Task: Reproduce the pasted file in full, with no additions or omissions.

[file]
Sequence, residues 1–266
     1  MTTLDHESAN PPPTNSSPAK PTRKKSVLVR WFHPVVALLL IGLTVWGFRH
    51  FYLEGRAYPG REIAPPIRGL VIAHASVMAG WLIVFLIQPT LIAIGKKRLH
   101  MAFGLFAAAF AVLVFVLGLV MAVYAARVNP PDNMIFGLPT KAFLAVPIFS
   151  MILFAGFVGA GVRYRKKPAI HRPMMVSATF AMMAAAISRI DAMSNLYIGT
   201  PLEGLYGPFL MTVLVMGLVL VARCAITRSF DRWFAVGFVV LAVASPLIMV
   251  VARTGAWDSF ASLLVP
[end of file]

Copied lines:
Sequence, residues 1–266
     1  MTTLDHESAN PPPTNSSPAK PTRKKSVLVR WFHPVVALLL IGLTVWGFRH
    51  FYLEGRAYPG REIAPPIRGL VIAHASVMAG WLIVFLIQPT LIAIGKKRLH
   101  MAFGLFAAAF AVLVFVLGLV MAVYAARVNP PDNMIFGLPT KAFLAVPIFS
   151  MILFAGFVGA GVRYRKKPAI HRPMMVSATF AMMAAAISRI DAMSNLYIGT
   201  PLEGLYGPFL MTVLVMGLVL VARCAITRSF DRWFAVGFVV LAVASPLIMV
   251  VARTGAWDSF ASLLVP